"Hurry." he turned and called upstairs catching a shadow of movement outside the window. "Lisa, some --" he shouted just before the door flew open with a hardy crash. Dave gave a yelp of surprise and stood in stunned silence.

         In the doorway hulked an impossible creature of fangs and fur. One enormous hand still rested on the doorframe. Its thick long yellow claws arched viciously upward. One double-jointed foot of claws and knotted hair lunged forward. It stepped into the light. Its nose twitched as it cocked its head toward Dave with piercing slitted eyes. A floorboard creaked upstairs; the creature's ears peaked. Gelatinous drool hung from its grossly elongated jaw. It quickly flicked its fangs with its tongue, then lumbered forward toward Dave. Dave smiled, his own fangs showing, and clasped his friends' shoulder.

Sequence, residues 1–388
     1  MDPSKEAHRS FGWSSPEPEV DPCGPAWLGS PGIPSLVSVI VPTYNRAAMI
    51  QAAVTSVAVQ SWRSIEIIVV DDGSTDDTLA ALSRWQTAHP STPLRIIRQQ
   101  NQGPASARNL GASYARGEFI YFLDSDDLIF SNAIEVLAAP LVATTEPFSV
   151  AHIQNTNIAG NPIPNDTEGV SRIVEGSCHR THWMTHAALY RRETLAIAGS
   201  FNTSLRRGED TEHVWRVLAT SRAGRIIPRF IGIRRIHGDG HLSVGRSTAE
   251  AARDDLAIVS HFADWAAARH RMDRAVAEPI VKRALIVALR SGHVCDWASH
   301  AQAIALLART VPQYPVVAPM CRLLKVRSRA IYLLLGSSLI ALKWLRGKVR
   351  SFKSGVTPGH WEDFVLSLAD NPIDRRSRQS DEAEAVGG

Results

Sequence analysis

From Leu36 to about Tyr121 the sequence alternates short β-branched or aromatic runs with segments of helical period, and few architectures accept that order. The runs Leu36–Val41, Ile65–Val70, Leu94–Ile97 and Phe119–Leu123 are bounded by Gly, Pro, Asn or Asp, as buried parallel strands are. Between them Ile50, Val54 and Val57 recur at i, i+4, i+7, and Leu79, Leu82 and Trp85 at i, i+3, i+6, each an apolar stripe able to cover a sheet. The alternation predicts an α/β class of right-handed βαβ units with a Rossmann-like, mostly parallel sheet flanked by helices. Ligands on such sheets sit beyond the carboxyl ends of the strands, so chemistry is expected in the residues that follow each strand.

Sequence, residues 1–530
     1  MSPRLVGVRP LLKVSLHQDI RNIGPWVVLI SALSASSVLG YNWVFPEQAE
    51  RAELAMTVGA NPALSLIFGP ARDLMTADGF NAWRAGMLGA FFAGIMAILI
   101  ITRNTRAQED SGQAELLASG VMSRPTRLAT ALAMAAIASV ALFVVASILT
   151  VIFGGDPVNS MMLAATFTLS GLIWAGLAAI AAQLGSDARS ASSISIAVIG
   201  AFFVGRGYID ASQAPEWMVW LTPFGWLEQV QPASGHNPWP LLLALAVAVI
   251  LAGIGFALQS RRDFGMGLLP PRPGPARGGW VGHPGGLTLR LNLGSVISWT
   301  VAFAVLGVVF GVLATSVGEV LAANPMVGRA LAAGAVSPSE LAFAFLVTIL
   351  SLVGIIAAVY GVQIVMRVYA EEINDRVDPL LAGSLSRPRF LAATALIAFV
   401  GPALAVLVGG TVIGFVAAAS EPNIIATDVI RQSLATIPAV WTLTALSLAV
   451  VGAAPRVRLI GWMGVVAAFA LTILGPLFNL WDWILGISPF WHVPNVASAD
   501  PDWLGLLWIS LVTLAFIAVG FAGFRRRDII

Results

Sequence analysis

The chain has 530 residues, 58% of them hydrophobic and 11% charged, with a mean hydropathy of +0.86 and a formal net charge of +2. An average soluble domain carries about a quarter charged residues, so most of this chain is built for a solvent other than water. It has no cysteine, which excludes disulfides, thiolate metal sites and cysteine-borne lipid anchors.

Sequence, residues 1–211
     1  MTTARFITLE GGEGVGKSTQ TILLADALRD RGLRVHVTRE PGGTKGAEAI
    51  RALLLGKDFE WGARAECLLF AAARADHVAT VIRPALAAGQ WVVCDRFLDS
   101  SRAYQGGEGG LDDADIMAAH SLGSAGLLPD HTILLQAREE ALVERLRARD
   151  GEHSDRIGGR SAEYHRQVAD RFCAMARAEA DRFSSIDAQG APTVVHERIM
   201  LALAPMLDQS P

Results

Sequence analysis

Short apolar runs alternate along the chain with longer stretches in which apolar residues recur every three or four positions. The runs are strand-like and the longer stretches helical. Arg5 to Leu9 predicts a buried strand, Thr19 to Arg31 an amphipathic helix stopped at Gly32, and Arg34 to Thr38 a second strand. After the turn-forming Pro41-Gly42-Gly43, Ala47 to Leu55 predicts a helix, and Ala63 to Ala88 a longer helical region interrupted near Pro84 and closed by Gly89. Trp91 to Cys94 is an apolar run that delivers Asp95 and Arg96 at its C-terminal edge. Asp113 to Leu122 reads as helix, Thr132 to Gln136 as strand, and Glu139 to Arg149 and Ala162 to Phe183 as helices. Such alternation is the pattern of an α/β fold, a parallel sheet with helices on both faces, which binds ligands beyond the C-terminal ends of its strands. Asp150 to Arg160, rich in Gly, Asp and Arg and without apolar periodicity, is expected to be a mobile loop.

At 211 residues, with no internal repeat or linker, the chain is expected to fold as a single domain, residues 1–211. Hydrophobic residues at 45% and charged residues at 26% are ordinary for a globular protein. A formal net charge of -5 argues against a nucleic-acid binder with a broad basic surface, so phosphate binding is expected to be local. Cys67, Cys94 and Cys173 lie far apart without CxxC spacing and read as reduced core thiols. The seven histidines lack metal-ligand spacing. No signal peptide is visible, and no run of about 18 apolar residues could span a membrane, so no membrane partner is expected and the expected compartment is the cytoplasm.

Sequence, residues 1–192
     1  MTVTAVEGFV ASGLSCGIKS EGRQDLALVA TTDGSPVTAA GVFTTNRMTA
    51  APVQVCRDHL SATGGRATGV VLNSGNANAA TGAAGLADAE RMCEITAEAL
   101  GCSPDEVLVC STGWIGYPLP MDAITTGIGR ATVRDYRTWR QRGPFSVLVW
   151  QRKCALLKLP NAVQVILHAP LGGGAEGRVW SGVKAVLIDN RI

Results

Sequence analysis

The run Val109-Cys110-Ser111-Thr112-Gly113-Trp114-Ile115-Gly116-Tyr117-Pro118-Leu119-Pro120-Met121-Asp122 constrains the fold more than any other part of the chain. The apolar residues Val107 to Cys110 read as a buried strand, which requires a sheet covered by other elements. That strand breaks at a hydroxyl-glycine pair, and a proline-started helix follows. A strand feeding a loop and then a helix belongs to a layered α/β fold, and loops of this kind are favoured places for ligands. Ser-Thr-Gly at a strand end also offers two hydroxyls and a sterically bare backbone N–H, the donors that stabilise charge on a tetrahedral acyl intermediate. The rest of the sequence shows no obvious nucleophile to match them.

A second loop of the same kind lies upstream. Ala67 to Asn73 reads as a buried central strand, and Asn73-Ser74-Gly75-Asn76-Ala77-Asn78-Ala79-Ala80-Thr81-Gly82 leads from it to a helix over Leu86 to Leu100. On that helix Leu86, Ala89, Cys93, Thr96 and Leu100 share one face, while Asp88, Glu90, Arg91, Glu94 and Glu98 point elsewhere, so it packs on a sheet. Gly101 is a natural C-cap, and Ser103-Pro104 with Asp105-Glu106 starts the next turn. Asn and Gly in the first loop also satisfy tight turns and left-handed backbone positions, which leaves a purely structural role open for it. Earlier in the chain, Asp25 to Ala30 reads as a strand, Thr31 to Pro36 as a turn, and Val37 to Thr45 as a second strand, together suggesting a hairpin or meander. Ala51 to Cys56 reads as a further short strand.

"Gather the litter!" Dave howled upstairs, "Eldon's come to help. Let's go."

© Copyright 2006 phyduex (phyduex at Writing.Com). All rights reserved.
Writing.Com, its affiliates and syndicates have been granted non-exclusive rights to display this work.
Printed from https://www.writing.com/main/view_item/item_id/1165333-Lycan-War